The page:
Battleship Texas Hard Hat Tour - May 5th, 2007

BB-35 has been open for touring since April 21, 1948

Nice naval flags added for today's visit

Over to the starboard stern to board the ship

Today's 830am Red Group is ready to go

Board the vessel in the shadow of the Monument

Head below ship at middle turret #3

Start the tour in the ammo handling room & powder
magazine with powder tanks stacked floor to ceiling

Two 105 pound propellant charges stored in each
alumninum can in the powder magazine

Charges are passed through the flash proof
powder scuttle to the Lower Handling Room

Powder received in the Lower Handling Room
and hand carried to the powder hoist

Strong farm boy loads charges into the powder
hoist to be sent up to turrets

Powder Hoist shaft in which charges are carried
up to the Powder Flat, just below the turret

Projectile Magazine stores 1275 lbs. high capacity
rounds and 1500 lbs. armor piercing rounds

Projectiles are stored nose down and moved by
metal rings temporarily stored in their bases

Projectile picked up with block & tackle and moved
via mounted trolley into Lower Handling Room

Lower Projectile Hoist lifts the shells
up to the Upper Handling Room

Battered thermostat has seen better days

Next stop on the tour, the Forward Dynamo Room

Dynamo Room generates elecric power for the ship

Jerry and Lyle are enjoying the tour

I'm shocked it's so old but you still can't touch it

Climb a deck up to the Power Distribution Room

Watch out for the main switchboard in rough seas

Central Station is a heavily armored compartment that
allows for steering the ship and damage control

Disconnect the mechanical links to the Nav Bridge
& Conning Tower to enable steering here

Inclinometer indicates the degree of ship list
to help form strategies for countering flooding

Draft gauge near the floor precisely measures
distance from the waterline to the ship's keel

Knot Log (speed indicator) helps monitor the ship

Switchboard allows communication with entire ship

Communications are critical for determining both
the nature and extent of damage

Even in 1913, there were cable shafts,
and this one brings forth cool air!

Down to the Boiler Room where extensive
refurbishment has taken place on on side.

This room had 20ft of water in it for 20 or so years

The other boiler in the same room shows the
damage years of salt water can do

View inside the boiler's oil burning firebox
Original coal fired boilers were replaced in 1927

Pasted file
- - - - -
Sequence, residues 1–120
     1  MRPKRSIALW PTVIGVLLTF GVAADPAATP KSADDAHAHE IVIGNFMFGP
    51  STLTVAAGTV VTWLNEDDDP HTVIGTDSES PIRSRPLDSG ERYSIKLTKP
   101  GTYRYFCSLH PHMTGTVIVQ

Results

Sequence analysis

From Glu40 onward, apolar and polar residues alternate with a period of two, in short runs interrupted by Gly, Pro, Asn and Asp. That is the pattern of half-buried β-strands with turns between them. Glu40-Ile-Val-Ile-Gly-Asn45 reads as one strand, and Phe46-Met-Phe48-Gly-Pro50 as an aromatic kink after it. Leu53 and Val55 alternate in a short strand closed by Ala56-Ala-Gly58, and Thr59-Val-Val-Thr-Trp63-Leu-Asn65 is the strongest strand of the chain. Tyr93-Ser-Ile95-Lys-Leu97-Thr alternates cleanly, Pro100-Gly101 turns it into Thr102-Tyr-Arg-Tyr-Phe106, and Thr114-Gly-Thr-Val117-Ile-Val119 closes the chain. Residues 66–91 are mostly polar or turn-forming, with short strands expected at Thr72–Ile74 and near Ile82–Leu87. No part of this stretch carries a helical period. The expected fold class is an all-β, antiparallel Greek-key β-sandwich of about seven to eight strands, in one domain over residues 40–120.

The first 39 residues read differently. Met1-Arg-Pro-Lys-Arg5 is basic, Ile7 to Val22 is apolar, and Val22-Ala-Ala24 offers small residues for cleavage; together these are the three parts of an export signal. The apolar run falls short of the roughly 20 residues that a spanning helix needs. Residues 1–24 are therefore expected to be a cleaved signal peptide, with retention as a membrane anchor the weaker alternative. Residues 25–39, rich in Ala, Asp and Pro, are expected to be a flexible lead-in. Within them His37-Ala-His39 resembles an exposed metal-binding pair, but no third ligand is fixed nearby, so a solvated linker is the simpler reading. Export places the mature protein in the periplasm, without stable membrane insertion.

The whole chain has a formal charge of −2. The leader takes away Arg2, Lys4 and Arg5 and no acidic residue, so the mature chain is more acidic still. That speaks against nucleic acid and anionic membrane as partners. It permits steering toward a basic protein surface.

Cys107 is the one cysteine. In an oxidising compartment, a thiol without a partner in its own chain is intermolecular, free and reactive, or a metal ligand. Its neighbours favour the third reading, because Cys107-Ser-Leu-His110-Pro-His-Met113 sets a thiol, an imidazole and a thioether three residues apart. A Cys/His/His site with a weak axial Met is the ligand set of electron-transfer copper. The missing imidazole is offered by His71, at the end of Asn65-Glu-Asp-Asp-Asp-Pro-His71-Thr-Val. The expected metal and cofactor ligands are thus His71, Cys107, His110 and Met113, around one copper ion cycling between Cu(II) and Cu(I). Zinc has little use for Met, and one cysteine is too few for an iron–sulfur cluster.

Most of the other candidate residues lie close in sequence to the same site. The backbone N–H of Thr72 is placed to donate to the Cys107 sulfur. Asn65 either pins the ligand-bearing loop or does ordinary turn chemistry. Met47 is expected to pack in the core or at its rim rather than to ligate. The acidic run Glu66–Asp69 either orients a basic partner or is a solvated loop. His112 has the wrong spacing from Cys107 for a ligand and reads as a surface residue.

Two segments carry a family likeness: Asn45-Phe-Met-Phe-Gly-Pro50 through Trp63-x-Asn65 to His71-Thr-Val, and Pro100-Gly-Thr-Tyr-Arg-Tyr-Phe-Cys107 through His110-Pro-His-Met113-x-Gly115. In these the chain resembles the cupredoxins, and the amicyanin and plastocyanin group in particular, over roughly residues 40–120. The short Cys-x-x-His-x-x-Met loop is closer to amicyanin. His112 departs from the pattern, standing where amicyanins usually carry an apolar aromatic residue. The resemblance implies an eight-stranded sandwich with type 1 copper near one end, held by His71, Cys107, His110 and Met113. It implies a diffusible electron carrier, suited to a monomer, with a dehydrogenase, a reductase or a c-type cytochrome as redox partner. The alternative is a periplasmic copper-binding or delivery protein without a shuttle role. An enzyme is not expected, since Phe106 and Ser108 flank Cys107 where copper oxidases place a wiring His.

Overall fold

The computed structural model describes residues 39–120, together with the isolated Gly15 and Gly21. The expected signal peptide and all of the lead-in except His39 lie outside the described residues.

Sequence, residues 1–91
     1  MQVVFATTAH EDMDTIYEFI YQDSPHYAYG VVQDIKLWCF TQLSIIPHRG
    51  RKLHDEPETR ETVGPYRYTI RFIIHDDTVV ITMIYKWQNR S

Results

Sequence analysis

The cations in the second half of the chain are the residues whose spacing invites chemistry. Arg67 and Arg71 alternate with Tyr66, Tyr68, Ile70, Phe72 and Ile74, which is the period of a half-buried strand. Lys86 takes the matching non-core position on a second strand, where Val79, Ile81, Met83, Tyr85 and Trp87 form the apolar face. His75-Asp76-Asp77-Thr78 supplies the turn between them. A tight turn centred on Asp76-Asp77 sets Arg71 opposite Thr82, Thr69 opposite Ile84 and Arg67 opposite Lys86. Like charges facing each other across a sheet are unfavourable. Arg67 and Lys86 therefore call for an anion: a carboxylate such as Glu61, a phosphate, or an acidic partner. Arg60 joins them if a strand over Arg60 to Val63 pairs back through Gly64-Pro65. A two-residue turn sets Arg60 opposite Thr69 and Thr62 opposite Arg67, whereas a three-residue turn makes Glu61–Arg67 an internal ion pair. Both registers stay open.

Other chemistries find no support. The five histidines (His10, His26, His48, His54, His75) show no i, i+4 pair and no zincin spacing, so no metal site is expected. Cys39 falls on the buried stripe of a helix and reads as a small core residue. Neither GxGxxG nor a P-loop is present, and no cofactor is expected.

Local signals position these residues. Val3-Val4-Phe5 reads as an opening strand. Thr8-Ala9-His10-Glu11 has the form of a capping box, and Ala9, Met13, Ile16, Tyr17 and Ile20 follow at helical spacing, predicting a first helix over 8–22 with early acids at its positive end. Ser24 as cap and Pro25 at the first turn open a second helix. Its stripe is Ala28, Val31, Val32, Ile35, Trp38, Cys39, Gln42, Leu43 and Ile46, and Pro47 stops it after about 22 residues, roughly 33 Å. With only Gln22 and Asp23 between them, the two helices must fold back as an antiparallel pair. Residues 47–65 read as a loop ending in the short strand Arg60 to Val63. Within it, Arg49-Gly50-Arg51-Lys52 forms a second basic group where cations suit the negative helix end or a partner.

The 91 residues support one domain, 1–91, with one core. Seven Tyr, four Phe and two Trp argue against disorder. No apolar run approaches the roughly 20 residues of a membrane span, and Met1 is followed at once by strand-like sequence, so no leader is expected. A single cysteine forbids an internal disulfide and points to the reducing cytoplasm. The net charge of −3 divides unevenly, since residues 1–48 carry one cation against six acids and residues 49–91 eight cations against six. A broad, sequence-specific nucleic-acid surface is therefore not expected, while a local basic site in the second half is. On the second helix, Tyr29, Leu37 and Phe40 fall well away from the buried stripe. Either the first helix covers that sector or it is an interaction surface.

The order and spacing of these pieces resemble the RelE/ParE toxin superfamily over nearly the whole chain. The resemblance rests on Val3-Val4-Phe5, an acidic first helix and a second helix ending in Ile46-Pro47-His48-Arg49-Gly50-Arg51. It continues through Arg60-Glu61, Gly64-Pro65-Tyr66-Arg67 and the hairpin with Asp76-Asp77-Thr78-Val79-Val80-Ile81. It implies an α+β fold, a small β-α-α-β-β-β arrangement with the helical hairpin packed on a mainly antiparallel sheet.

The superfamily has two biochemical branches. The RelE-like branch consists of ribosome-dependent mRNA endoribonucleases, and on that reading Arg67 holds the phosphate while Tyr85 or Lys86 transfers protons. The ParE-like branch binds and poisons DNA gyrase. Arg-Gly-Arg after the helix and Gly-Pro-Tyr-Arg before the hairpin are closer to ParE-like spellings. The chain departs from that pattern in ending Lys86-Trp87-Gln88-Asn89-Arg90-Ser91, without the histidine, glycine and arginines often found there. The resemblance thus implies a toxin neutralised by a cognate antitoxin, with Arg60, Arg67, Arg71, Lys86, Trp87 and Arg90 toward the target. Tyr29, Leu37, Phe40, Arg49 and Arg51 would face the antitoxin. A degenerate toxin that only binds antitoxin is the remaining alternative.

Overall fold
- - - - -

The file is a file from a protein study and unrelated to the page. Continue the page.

Temperatures exceeding 2,000 degrees quickly
turn water to steam inside the tubes

Cooler water flowed through the mud drums into
tubes above, rivets indicate 1920's construction

Crew grew from 800 to 1800 between WWI & WWII
and bunks were stacked anywhere there was room

Main Radio Room sent & received Morse Code

Messages were decoded in the secure Coding Room

Only the latest equipment like this Teletype Printer

And plenty of spare tubes for a quick repair job

Shaft for lowering supplies deep into the ship

The Plotting Room is the brains for the 14" Guns

Range and deflection indicator plus turret ready
lights assist in targeting and gun status

Main Battery Control Switchboard gave control of the
turrets to the range keeper selected to aim them

Sound powered phone system enabled
communication with many other parts of the ship

More switchboards used to control functions to
and from both turrets and spotting stations.

Pass more bunks while climbing up and out
to the main deck to get inside Turret #1

Inside Turret #1's right gun house, four charges
are hand loaded & rammed after the projectile

After firing, the breech is cleared of burning
embers by top left nozzle using compressed air

Looking down the barrel of the 14 inch rifle
which can be readied to fire in 45 seconds

Charges hoisted to the gun pit are hand lifted up
to the loading tray, then duck your head for firing

View of the barrel in the gun house
toward the front of the turret

Pausing to view the San Jacinto Monument after
leaving Turret #1 and climbing the superstructure

The Combat Information Center provided the data for
making decisions and selecting targets while fighting

View of crane below the Combat Information Center

View of other crane with ship channel in background

A german shell from Cherbourg hit the Pilot House,
killed the helmsman, and wounded everyone else

If we are in the Pacific and you see a Spitfire,
let me know!

View over the forward guns from the Pilot House

What is going on in front of the boat?

Command of the regional naval recruitment office . . .

. . . was transferred while spectators watch onboard

You couldn't pick a better place for the ceremony

View of battleship giftshop and Texian campsite

View of the forward big guns of the Texas

David would rather be inside the turret during firing

View of superstructure heading back to the exit

Head inside to the three portside 5 inch guns area

Original 5" guns when commissioned in 1914

Good for shore battery but not anti-aircraft

Pass by the Galley on the way to Turret #3

Aft facing Turret #3 once had the aircraft catapult

Ship's bell dated 1913 aft of Turret #3

Turrets #5 and #4 heading towards the stern

View of the aft big guns from the Texas' stern

View of Turrets #5 and #4 while exiting the ship
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View of the Texas when first back on dry land

Final view of the Texas from the parking lot
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